Three things that cost us the game

The All Blacks are a super team and probably deserved winners. They took the boks on at Ellispark and kept their composure.

South African supporters, I believe, are generally speaking happy with the progress our team has shown this year. The Springboks had their opportunities and could have won the game. There were enough line-breaks but the final pass, support and decision making were lacking to round it off. One thinks of the two Willie le Roux opportunities, the Etzebeth and Kolisi breakaways and feel it was so close you could almost taste victory.  Continue reading

The respect is back

It is the uncertainty factor that produces the biggest satisfaction and enjoyment in sport. That uncertainty brought about by not being sure whether you’ll be able to be victorious or not. That’s why as athletes and human beings we seek and thrive on competition. We find it in challenging ourselves to complete a marathon or to play against individuals or teams with higher rankings. That’s why as nations we play test matches and why even in test matches we want to compete against the very best.

It is sort of boring to play against a team that you know you are going to win. The uncertainty factor is absent and therefore also the real joy in the victory.

I’ve been living in NZ now for 12 years and for only the second time in 12-years there is a real uncertainty in Kiwi land about a test match against South Africa. The last time was in 2010 after the 2009 Springbok victory in Hamilton. The uncertainness in 2010 was not because it was felt that SA played good rugby but because there was uncertainness about the All Black team’s ability to handle the box kick and Matfield in the line-out. Continue reading

Some thoughts on the England victory

All credit to NZ for not blaming the virus in the team or end-of-year-tiredness for their loss at the hands of a committed England team.

The NZ players did look more than a bit pale and lethargic as they entered the field and even the Haka lacked its normal spark.

Punctiliously, I don’t however think it was either the virus or tiredness that saw NZ losing this match. It was the England tactics and their good defence that won them the match.  Continue reading

Some thoughts on the weekends test matches

Nick Mallet during his tenure as Springbok coach made himself very unpopular by saying that he is not too concerned about criticism from South African rugby fans because in his opinion they don’t know much about the game anyway.

Coincidently, he now seems to be as critical as the SA rugby fans about the rugby dished-up by his prodigy’s Springbok team.

Where Mallet was hostile and pompous towards the media Heynecke seems to be more open and willing to show the public that their opinions count.    Continue reading

Bokke over coached?

What the hell is going on with our beloved Springboks? This, I believe is the main question every SA rugby supporter wrestle with at the moment.

Wrong players in key positions, an unbalanced back row, injuries to key players and playing an outdated game plan has all been voiced as probable reasons.

Heynecke has responded to most of these criticisms by making changes to the team but still the team seems to be tentative almost scared to do anything.  Continue reading

Heart breaking

The Soweto test match ended-up as just another heart breaking experience for Springbok rugby fans.

The All Blacks seems to be in a different class altogether but I thought South Africa had an opportunity to clinch the test.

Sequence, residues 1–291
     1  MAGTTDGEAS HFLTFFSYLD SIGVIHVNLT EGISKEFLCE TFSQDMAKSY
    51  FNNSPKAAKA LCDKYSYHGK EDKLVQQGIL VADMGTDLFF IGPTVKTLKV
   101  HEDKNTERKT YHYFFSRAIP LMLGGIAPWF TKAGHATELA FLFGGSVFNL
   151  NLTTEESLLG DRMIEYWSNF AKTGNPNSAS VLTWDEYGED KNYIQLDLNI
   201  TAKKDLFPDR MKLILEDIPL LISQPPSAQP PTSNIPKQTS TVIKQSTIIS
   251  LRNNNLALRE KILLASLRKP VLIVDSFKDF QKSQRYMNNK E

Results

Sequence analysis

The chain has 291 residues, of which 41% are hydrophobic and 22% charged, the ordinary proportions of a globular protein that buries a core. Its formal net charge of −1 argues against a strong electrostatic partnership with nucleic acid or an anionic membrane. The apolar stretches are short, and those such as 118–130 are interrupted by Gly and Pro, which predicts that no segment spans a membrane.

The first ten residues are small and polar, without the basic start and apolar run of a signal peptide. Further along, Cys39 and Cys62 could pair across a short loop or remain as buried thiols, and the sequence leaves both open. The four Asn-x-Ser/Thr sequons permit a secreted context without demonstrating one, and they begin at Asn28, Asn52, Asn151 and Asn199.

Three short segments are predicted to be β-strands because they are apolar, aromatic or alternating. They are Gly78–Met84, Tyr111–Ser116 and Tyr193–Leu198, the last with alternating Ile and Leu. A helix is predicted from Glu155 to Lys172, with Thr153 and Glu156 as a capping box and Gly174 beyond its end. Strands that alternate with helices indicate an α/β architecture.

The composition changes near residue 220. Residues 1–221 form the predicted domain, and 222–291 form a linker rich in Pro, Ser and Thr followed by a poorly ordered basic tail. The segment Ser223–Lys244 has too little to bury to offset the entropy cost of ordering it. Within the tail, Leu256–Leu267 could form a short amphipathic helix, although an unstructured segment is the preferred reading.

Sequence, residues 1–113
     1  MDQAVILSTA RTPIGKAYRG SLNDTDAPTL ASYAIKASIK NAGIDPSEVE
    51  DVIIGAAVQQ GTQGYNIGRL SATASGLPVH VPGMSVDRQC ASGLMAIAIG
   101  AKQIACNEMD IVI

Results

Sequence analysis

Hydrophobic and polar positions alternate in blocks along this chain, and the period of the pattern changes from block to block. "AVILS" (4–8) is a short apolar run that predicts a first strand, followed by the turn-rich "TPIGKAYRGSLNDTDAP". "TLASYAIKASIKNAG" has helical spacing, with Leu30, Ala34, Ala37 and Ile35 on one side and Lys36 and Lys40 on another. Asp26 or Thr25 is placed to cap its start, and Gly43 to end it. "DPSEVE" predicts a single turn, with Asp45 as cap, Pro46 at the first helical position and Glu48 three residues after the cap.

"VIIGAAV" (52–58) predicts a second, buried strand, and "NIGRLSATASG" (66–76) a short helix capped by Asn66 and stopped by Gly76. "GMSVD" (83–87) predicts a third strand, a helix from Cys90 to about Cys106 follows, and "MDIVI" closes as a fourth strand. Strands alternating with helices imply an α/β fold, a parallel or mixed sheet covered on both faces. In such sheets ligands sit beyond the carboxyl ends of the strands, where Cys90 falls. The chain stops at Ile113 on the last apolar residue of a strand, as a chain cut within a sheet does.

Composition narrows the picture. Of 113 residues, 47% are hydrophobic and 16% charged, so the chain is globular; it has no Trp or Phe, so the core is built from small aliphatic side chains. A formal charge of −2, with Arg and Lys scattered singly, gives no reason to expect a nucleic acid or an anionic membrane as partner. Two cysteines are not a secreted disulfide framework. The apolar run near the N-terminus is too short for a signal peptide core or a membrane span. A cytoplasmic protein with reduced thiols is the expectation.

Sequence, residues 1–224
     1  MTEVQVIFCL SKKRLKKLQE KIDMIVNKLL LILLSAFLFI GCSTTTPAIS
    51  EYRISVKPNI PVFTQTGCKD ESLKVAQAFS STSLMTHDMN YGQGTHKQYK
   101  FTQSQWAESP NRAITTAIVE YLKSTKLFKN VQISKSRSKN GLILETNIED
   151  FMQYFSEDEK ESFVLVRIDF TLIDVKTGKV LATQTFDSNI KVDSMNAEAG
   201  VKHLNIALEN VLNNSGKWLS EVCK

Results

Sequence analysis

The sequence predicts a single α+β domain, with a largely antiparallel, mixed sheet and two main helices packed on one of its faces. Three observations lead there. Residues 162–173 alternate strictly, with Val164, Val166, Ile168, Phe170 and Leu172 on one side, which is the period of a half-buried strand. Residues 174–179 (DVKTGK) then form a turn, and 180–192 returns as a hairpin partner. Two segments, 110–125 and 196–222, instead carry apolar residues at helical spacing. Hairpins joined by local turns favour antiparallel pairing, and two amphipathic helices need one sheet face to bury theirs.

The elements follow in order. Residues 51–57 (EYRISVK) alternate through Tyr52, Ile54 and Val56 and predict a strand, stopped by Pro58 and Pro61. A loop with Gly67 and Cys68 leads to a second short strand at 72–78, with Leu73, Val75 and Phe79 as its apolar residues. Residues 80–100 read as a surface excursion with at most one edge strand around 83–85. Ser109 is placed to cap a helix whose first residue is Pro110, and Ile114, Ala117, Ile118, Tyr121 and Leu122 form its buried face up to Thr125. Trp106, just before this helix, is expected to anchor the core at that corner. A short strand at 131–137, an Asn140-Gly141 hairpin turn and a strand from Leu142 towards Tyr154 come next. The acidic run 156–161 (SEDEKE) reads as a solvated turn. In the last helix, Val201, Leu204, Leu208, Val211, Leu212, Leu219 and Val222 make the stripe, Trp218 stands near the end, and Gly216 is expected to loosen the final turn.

What was required was to keep the game tight with just bit more preciseness in terms of clinical execution on attack and defence.

The first New Zealand try came totally against the run of play and culminated from a knock on by Jean de Villiers (if I remember correctly). That try exposed our defensive weaknesses on the edges and gave the All Blacks the believe that they could win the match. That try was one of four turning points in the match the other three being the try in the first seconds of the second half; the injury to Johan Goossen and the missed penalty try for Kieran Read taking down a Springbok maul.  Continue reading

Like a Rhino in a China shop

This test will be remembered as the Dean Greyling test as he was like a Rhino in a china shop; a demolisher on a rampage that cost us the match in my opinion (an opinion that Heynecke Meyer seems to share). It must be the single worst effort by a South African rugby player in a test match ever.

In the end it was another test that got away due to ill-discipline, poor kicking (tactical and place kicking) and poor passing. We threw away 17 points with kicks (5 penalties and a conversion) as well as a very plausible try scoring opportunity in the first 5 minutes of the game. That is another 7 points bringing the amount of points that we pissed away to 21. Jean de Villiers said it after the match; “You can’t expect to win against the All Blacks if you mess up so many point scoring opportunities”.    Continue reading


My predominant feeling after the SA/Australia match was that I want to puke. It was one of those matches that the Aussies didn’t won we lost it.

They didn’t create the win we created the loss through bad mistakes, stupid decision making and by going into a defensive mindset.

There were a number of things in this match that left me wanting to puke afterwards but let me outline the 5 main ones:

  1. No line speed on defence
  2. Stopped playing and going on a defensive mindset after taking the lead in the first half
  3. Losing the ball in contact mainly because we try and barge through defenders instead of attacking space
  4. Horrible decision making at crucial times in the match
  5. Bringing the playmakers on too late in the match. Continue reading